When grazing beef cattle or other ruminants in the Southeast USA or other humid temperate regions around the world, a well-designed grazing system is key to maximizing returns and protecting the land from degradation due to overgrazing. If a forage never has a chance to “rest” than it will not develop a good carbohydrate store in the roots and potentially could be grazed out of the system. For this reason a rotational grazing system can and should be implemented to improve the land and potentially the quality of the beef product.
The benefits of rotationally grazing cattle, will generally, far outweigh the negatives. The main negatives to a system of this nature are extra management time and initial set up costs. Labor costs must be factored into the equation in order to see if it will pay off; however, a well-designed system initially will prevent extra management time and headache down the road. With a little bit of time at the drawing board and some savvy fencing and water supply shopping, input cost and time can be decreased to a range where the positive aspects of this system will almost guarantee both ecological and economic profit. Many farmer’s wouldn’t think twice about bringing their animal hay or feed on a daily basis, but when the idea of moving the animals once a day comes up, they all seem to get scared.
A continues grazing system has been shown to have about 30% efficiency, whereas, a moderate rotational grazing system (with 6-8 paddocks), improves efficiency by 40% for a total of 70% efficiency. This will generally enable a farmer to have an increased stocking density without decreasing animal performance. A University of Missouri study on management intensive grazing showed that it would only take 2 years to get 1 pile of manure/ 1 sq. ft. of ground. As opposed to 27 years for a continuous grazing system. There are a number of studies that will indicate the benefits of manure on soil quality and how depositing them more efficiently in all locations can lead to potentially higher levels of soil organic matter. As the level of soil organic matter increases (not the recently dead, but the very dead, the humus), the cation exchange capacity increases, leading to a higher level of surface area for binding macro and micro-nutrients. In climates like this, there are generally high levels of Aluminum permanently bound to the clay colloid causing toxicity problems, which leads to an acidic pH. It is common knowledge that an acidic pH will lead to a cascade of other negative issues. With proper fertility management (i.e. liming) and good consistent manure deposition through rotational grazing the pH of the soil can potentially be raised into the 6’s, where most forages will perform best.
So what can a farmer do if there is no lime?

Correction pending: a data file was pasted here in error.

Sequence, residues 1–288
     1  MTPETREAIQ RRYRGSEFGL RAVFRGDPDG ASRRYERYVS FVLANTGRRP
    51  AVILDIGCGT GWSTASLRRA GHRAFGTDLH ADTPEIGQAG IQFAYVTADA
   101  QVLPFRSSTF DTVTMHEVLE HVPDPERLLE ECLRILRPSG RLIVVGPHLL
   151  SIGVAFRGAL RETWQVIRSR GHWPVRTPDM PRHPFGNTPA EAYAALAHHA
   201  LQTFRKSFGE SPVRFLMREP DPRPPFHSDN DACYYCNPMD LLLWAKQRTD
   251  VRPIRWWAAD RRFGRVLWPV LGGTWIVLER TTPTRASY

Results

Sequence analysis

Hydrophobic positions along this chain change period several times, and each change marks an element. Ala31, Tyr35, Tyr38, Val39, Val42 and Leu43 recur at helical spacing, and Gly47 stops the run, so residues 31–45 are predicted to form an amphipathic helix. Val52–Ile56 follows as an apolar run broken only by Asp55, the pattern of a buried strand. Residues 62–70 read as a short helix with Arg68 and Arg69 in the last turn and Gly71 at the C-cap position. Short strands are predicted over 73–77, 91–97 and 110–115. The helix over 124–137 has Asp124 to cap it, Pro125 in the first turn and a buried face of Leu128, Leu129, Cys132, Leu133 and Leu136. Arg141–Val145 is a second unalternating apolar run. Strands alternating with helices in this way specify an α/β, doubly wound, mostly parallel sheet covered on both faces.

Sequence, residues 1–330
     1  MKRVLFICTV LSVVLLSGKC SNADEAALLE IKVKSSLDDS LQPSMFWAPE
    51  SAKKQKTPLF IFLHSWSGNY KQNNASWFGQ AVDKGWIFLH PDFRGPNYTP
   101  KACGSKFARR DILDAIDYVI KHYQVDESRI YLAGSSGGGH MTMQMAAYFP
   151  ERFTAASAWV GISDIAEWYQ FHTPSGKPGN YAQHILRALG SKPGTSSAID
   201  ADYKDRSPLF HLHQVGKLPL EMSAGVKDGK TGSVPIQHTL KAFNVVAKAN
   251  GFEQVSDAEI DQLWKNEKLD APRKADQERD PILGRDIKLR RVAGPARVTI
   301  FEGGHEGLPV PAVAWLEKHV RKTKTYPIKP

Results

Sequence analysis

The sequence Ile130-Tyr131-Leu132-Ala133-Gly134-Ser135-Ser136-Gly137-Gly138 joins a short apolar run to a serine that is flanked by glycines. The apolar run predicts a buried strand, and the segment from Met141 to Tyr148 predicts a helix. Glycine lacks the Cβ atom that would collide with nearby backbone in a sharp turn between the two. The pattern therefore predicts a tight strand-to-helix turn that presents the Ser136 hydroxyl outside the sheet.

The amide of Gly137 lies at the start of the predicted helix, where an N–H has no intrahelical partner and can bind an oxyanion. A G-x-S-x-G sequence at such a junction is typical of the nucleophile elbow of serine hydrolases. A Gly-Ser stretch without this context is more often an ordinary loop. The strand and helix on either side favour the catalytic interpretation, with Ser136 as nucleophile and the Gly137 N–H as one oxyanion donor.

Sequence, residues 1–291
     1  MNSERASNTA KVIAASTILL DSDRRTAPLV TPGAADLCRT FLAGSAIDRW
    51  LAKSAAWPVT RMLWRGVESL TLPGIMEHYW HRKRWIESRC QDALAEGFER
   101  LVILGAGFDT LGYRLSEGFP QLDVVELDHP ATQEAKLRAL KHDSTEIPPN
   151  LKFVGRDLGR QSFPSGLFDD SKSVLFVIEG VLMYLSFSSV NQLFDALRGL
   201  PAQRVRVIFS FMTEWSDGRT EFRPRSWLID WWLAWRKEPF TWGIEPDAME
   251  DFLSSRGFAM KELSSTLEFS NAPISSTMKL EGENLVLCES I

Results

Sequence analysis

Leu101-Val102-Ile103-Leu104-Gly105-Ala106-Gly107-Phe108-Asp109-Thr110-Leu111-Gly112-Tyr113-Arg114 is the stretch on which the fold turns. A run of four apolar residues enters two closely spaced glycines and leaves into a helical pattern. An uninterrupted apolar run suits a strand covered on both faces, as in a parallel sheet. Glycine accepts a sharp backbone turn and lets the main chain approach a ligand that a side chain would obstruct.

The best management practice, if lime is not available, is to eliminate or limit the use of high salt-index fertilizers and manage the land as sensitively as possible. This means high forage rest periods! These high rest times will also prevent the elimination of “grazing sensitive” plants such as red clover, orchard grass, and other native grasses; the increased rest time will enable them to remain in the system for more years. Many of the “grazing sensitive” forages have high levels of crude protein or carbohydrates and can help improve animal gains. Consistently moving animals will train them to be calmer around humans and more relaxed when being worked as well. The farmer can also improve his/her pasture management skills, as they are in the field more often, observing. Balancing pasture and forage management to the nutrient intake requirements of a growing ruminant has long been the biggest challenge to a producer. Time in the field, and I don’t mean “windshield” time, is key to success. So get out and walk, its good for you and for your land.
A final benefit of rotationally grazing beef cattle with well-behaved animals is the ability to diversify with different grazing methods. Beef animals in different phases of production have different TDN requirements, and being able to diversify forage options and grazing methods can improve the quality of your heard and the individual product you may be trying to rear, whether that be a stocker, a finished meat product, or a weaned calf. For instance, if you are finishing beef animals and only have a limited supply of high quality forage remaining, “limit-grazing” can be a method implemented to maximize what’s left of the pasture. An Oklahoma State study showed a significantly higher ADG when beeves were allowed to graze for only 4-8 hours per day in the finishing period. Another method that works well in a rotational grazing system is ultra-highs stocking densities. When forage has a chance to grow tall and become lignified, mature cows, in competition, will be forced to eat as much as they can and will “clean” a pasture of old forage that would normally be overlooked and ignored. What is trampled into the ground has the potential of improving soil quality by feeding soil microorganisms.
Though there are a few initial management hurdles, and start up costs. The long-term benefits of rotational grazing far out weigh a continuous grazing system and with careful planning a manageable system can be established almost anywhere. Improving gains and pasture quality through rotational grazing is the first step to becoming more economically viable and environmentally sustainable.